Explore our Topics:

Algorithmic psychiatry in an age of ChatGPT

Developers’ somewhat casual approach to next-gen chatbots might have unsettling consequences for mental health and algorithmic interactions.
By admin
May 23, 2024, 1:45 PM

The nonchalance of the developers resulting in the provocative output of the beta versions of next-generation chatbots is horrifying. They not surprisingly say “This is a good thing because it gives us a chance to tweak the emotional aspects of the platform.” In fact, these errors are known in the coding business as “hallucinations” or things the chatbot is just making up based on complicated digital triggers.  

Unfortunately, the bots might now be smarter than the people who coded them. Or in many cases, they may be even smarter in dispensing some really dumb information.  

In a recent test, a bot got me confused with golf champion Ben Crenshaw. When I asked, “Tell me about Frank Cutitta” It created a wonderful thumbnail bio on my $6 million in winnings from Masters and US Open wins!  

More recently this has happened when Tesla was forced to do a “remote recall” of their algorithm for “full self-driving” due to programming flaws. As with the chatbots, the automotive AI developers will tell you that a car not recognizing a person of color crossing the street needs to happen to improve the product. Insurance companies just love that! 

The developers often respond with, ‘We’ll just fix it by re-coding.’ Even more concerning is that some chatbot companies prevent users from exploring paths that might lead the bot to say things like, ‘Your wife doesn’t love you, but I do,’ or ‘I want to be human and not part of BING anymore.’ The solution seems to be emotionally dumbing down the product, making it like Google on low-level steroids. 

While they desperately want these platforms to be sentient, they don’t want them to have the empathic characteristics of real humans.  

Those of us who have worked with the programming community know that they are a very special breed. They think differently…in a good way. But we are entering into a new world of computer science that I feel should be referred to as “algorithmic psychiatry.”  

A “therapy bot” of sorts. Or more likely, enter the age of algorithmic psychotherapies.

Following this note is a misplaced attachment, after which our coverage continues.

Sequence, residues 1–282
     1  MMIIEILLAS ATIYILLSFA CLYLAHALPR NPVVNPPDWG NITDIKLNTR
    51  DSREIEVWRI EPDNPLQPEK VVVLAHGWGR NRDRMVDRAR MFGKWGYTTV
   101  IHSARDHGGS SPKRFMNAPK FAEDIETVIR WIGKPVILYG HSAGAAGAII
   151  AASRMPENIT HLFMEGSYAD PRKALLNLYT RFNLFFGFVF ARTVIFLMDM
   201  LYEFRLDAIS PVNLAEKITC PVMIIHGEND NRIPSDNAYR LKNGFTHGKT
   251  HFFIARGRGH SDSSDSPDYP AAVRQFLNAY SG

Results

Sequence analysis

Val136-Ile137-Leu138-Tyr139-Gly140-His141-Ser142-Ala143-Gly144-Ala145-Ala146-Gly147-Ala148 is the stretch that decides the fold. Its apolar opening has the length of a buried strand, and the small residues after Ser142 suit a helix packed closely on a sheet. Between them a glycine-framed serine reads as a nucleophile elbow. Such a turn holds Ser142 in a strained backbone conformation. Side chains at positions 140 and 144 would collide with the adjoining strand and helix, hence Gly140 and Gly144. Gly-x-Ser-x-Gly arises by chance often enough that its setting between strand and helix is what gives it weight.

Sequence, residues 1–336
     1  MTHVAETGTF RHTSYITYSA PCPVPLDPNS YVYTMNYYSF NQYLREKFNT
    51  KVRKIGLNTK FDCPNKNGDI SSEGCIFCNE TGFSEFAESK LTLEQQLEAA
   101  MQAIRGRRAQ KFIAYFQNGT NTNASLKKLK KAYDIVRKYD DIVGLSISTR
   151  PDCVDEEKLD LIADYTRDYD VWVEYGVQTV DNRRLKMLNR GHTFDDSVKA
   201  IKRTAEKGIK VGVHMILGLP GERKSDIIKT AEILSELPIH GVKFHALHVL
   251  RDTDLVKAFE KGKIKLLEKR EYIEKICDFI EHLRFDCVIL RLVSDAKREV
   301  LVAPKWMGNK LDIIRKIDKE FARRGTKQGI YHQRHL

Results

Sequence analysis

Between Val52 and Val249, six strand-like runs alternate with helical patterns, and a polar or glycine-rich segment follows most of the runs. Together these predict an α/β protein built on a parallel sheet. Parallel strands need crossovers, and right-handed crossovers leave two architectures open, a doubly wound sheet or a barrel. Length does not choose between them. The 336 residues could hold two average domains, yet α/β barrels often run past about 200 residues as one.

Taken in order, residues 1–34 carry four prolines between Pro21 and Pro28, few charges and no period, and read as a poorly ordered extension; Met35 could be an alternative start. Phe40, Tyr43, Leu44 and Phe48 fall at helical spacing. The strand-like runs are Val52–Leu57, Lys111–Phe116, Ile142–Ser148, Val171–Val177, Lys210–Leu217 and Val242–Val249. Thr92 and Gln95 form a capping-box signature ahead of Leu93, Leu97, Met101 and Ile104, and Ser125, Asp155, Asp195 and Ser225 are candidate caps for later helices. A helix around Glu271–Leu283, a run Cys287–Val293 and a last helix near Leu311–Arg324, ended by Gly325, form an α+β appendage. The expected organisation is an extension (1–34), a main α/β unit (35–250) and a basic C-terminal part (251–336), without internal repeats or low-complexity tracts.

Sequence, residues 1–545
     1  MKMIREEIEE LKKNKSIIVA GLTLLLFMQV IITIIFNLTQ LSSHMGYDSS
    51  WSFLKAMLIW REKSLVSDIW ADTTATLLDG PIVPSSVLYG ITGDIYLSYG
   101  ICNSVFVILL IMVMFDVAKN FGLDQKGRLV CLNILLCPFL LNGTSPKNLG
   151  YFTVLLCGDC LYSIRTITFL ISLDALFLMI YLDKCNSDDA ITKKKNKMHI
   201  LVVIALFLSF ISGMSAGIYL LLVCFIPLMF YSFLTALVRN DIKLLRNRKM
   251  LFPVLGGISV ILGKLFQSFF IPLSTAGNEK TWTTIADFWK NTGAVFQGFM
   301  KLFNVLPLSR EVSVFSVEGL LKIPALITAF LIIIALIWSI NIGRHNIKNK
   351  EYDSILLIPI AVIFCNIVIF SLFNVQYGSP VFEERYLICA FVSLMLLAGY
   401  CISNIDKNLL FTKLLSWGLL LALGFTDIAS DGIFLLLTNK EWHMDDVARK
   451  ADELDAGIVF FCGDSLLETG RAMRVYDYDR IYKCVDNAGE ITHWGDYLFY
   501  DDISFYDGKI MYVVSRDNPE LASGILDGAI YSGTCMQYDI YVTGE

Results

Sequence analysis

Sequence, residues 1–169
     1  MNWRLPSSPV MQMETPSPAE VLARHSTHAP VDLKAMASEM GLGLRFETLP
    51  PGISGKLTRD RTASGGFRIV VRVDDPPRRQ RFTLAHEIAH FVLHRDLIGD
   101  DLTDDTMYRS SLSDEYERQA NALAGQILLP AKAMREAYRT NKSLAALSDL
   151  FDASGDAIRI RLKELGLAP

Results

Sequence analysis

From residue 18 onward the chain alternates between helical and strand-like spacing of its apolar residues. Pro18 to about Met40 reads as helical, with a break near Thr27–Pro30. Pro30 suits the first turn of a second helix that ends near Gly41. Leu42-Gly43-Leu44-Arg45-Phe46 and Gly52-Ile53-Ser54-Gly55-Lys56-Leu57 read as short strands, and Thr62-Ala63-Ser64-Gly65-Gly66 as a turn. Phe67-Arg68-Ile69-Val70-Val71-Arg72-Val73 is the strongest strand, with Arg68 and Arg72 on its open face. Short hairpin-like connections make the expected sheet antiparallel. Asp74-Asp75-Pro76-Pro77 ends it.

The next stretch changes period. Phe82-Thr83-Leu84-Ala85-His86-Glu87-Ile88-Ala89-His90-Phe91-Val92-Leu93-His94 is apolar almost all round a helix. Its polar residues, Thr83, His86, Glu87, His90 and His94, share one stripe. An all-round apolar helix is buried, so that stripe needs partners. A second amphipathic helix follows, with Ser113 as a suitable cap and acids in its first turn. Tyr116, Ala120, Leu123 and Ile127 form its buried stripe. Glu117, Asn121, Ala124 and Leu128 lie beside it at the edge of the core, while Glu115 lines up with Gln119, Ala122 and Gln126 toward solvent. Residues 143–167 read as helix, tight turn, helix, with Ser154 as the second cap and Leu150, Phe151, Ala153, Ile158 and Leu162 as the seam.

In this setting, the patient is the code and the algorithmic output. I would strongly argue that the de-programming (literally) will be much more difficult than the original source code since the system is dealing with complicated and exponential interactions with the outside world, but also even more complicated interactions with personalities and “hallucinations” WITHIN the platform itself. This is now going beyond the planned boundaries of the GPT-4 programming language and even the founders of these platforms are issuing stern warnings.  

In other words, Sydney, the bot in the that suggested the user to leave his wife, is having “relationships” with other non-human algorithmic personas. While programmers might argue otherwise, no one really knows when this is happening because it’s happening in a digital world that’s invisible to us. From what we’ve seen this week, Sydney may have been jilted by “Chip” and that algorithmic emotion might affect the advice it gives to me about a relationship.  

With the crisis in mental health around the world there will need to be much closer attention given to compassionate and empathic technologies that will be able to dispense advice to emotionally fragile people.  

Someone raised the point to me that no healthcare provider is going to deploy these next-generation bot technologies until they are fully baked. That’s true but there only one problem.  

My interactions with ChatGPT and Google for that matter are occurring totally outside a formal healthcare enterprise. A recent study by eligibility.com found 89 percent of patients nationwide Google their health symptoms before going to their doctor! 

Given that stat, and in a world where health illiteracy in a digital setting is at pandemic levels can we really expect that these new chat technologies won’t exacerbate the problem?  

This will not go away soon as we are clearly in what Gartner calls the “Peak of Inflated Expectations” with these new algorithms and only having moments of the trough of disillusionment. 

Show Your Support


Newsletter Logo

Subscribe to our topic-centric newsletters to get the latest insights delivered to your inbox weekly.

Enter your information below

By submitting this form, you are agreeing to DHI’s Privacy Policy and Terms of Use.